Most of the time, big corporations serve as a great lesson in what not to do in business. However, as a small business owner (or someone who’s thinking about launching a start-up), here’s one strategy worth swiping from the big guys’ play book. Amazon has come up with a cheap and highly-effective way to hawk their wireless reading device, the Kindle: get the customers to push it. Amazon currently isn’t running any outside advertisements for the Kindle. Instead, they’ve launched a campaign on their site that encourages happy customers to tell others about their Kindle either through comments on the site, or programs like “See Kindle In Your City,” where current Kindle owners can demo their reader for people who are interested in buying them.
The strategy seems to be working, according to Wired, who has a piece online about Amazon this week. While no official numbers have been released (although there’s been plenty of speculation), anecdotally it appears the Kindle is selling far better than expected. Reports Wired: “Amazon is relying more than ever on its tried-and-true sales strategies of word of mouth and customer reviews, and it appears to be working, although the total market for the device is questionable.”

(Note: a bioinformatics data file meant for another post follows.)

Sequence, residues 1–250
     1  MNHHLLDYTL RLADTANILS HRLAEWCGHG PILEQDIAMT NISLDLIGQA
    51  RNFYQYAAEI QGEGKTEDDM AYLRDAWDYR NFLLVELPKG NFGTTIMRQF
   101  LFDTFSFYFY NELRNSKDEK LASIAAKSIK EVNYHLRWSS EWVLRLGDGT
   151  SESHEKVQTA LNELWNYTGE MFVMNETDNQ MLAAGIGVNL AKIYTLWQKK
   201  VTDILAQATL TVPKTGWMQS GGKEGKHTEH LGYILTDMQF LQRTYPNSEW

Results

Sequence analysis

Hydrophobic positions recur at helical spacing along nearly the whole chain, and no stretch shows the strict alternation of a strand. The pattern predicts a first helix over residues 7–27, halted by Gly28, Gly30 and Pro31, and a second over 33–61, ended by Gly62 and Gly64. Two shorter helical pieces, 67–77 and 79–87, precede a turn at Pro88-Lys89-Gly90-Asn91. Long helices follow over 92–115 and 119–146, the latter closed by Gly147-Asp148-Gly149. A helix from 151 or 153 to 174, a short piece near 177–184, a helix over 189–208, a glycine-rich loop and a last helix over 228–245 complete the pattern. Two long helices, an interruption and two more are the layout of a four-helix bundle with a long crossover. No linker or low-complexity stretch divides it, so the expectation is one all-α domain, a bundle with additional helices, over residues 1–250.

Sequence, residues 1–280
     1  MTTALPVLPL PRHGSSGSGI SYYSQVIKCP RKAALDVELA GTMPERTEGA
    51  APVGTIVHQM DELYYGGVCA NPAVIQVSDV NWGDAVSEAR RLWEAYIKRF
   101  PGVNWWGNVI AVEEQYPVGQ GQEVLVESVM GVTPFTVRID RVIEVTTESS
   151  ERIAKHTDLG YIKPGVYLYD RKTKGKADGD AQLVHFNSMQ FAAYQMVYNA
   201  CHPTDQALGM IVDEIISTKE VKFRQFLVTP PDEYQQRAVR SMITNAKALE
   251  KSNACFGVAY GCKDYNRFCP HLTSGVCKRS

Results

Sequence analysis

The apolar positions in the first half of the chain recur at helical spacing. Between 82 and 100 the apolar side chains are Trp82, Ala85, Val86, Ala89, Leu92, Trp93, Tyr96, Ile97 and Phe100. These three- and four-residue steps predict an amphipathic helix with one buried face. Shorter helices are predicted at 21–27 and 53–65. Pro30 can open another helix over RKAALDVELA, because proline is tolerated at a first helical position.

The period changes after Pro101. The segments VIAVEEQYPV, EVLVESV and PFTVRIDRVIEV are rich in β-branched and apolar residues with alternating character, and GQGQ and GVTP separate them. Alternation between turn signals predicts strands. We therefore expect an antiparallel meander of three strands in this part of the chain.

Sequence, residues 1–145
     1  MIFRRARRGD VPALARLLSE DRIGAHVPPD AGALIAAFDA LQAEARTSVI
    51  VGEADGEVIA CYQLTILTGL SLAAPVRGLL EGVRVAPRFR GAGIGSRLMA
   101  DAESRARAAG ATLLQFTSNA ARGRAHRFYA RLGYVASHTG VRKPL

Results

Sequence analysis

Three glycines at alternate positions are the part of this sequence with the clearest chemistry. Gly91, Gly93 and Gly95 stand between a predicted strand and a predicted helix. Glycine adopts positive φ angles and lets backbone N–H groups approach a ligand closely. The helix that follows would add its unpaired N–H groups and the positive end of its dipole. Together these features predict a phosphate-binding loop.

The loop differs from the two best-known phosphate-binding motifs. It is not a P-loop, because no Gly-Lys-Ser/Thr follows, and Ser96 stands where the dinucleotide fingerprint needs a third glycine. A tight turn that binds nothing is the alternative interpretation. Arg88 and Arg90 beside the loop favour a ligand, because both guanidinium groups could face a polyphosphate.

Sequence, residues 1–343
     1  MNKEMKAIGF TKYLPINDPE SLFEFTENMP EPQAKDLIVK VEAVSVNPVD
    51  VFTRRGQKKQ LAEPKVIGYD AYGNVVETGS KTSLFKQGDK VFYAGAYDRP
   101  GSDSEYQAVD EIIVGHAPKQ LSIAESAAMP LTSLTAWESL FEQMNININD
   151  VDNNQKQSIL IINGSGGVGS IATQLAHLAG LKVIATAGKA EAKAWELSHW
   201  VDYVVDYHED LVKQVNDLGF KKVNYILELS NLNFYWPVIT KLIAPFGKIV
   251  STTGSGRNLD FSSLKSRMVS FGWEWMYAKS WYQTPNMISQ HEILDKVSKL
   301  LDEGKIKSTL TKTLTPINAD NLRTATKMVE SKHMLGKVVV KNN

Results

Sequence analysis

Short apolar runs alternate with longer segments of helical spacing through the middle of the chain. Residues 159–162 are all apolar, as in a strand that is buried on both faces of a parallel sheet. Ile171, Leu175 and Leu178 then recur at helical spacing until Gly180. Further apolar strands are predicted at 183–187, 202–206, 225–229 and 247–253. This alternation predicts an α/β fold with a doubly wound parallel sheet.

The take home lesson here is two-fold. First, it’s not always necessary to have an expensive ad campaign to sell a product or service. In fact, unless you know what you’re doing, or hire a professional, a major return isn’t guaranteed. Perhaps the most important point though, is the second: word-of-mouth and the customer referral are incredibly powerful. Potential customers are far more likely to be wooed by positive feedback about a good or service from an actual customer (and someone they trust) than any advertisement you could purchase. That doesn’t mean you should nix the ad campaign you’ve developed for your small business or start-up. It simply means that you shouldn’t count out word-of-mouth as a powerful tool that could actually help stimulate sales for your business. Amazon certainly hasn’t—and it’s paid off.